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Labor Day March Promotes Alternatives to C-Sections

Evidence-based maternity care rally

By Robin Kemker
Epoch Times Staff
Created: September 9, 2012 Last Updated: September 10, 2012
Related articles: United States » West
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Midwives, doulas, and parents held a rally outside Saddleback Memorial Medical Center to raise awareness for birthing alternatives. The march targeted the growing number of C-sections. (Robin Kemker/Epoch Times)

Midwives, doulas, and parents held a rally outside Saddleback Memorial Medical Center to raise awareness for birthing alternatives. The march targeted the growing number of C-sections. (Robin Kemker/Epoch Times)

Los Angeles—On Labor Day, parents and children joined midwives, doulas, and other medical practitioners for a nationwide march to raise public awareness of safer birthing options. 

The medical community did not direct the event, but they were meant to hear the message, as families and alternative health professionals in 110 cities across the country marched to local hospitals.

The march and subsequent rally in Laguna Hills, Calif., targeted the growing number of C-sections. Near the local Saddleback Memorial Medical Center, a facility specializing in evidence-based maternity care, rally participants said that although there is a significant potential for long-term harm with C-sections, the number of procedures is at an all-time high—totaling a third of all births nationwide.

C-sections performed before the baby is full term—known in the medical community as convenience cesareans—are particularly suspect. Parents and health professionals want to require doctors to explore at least two alternatives in such cases to justify a medical need to intervene in the normal birthing process.

“Birth is a natural phenomenon,” said Rachel, a doula. “We seldom have any complications.” 

However, Rachel explains that doctors often push mothers to “get on with it” because it “holds up schedules and ties up space at the hospital.”

Jonathan R. Weinstein, M.D., FACOG, says that medically induced labor is the biggest reason for the rise in U.S. cesarean rates.

“Elective induction can be convenient for both the mom and the doctor, but buyer beware,” said Dr. Weinstein. “If your cervix is not ripe (dilated and thinned out) prior to an attempted induction of labor you have up to a 90 percent failure rate for your induction, which usually translates to you getting a [cesarean section].”

Risks to Mothers and Children

Maternal mortality risks rise with each subsequent C-section as more scar tissue develops. Some hospitals and midwives support patients who wish to have a vaginal birth subsequent to a C-section (VBACS).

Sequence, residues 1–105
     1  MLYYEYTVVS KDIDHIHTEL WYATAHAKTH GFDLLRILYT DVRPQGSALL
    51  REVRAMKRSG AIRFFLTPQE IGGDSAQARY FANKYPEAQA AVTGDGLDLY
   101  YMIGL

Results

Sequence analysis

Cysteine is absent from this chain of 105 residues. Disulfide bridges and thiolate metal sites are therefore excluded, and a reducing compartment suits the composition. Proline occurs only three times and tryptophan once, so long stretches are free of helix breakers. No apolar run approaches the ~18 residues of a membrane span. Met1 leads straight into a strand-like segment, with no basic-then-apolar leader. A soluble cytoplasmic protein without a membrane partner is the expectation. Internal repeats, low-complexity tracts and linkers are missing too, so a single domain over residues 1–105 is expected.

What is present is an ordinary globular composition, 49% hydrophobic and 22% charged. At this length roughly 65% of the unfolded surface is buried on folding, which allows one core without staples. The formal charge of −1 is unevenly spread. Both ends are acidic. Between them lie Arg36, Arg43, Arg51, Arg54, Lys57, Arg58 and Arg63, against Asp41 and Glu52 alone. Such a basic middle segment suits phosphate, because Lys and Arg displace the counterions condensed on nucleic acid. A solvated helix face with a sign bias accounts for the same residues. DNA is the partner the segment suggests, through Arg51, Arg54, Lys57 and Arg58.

A new study for Yale Medical School suggests that C-sections lead to more cases of brain function impairment. Researchers examined the effect of natural and surgical deliveries on a specific protein (UCP2) in mice. 

According to lead researcher Tamas Horvath, these results reveal a potentially critical role of the protein in the proper development of brain circuits and related behaviors.

“The increasing prevalence of C-sections driven by convenience rather than medical necessity may have a previously unsuspected lasting effect on brain development and function in humans as well,” Horvath told Yale News.

Recent analysis shows that C-sections also lead to high blood pressure. The journal Birth reported that the incidence of persistent pulmonary hypertension in newborns delivered by cesarean section is nearly five times higher than seen among babies delivered vaginally. Other studies reveal that C-sections lead to great numbers of asthma and schizophrenia. 

Trends show that C-sections can often lead to great fatalities. Database analysis of deliveries at the Illinois Medical Center in Chicago found that C-sections performed without medical need resulted in 300 percent more infant mortalities compared to vaginal births. 

It doesn’t have to be this way, and Labor Day marchers want doctors and parents to know that safer alternatives are available. 

B.J. Snell works nearby at the Beach Cities Midwifery and Women’s Health Care. She has been a midwife for over 35 years and has delivered over 3,300 babies. She says that at her practice, C-sections are only required in about 5 percent of cases, and inductions were required in less than 3 percent—far below the average seen nationwide. 

Saddleback Memorial Medical Center has also been on the cutting edge of treatment issues. At one time, the maternity staff included midwives, but it was discontinued because of a lack of demand for the services. However, Saddleback’s C-section rate is less than half of the national average.

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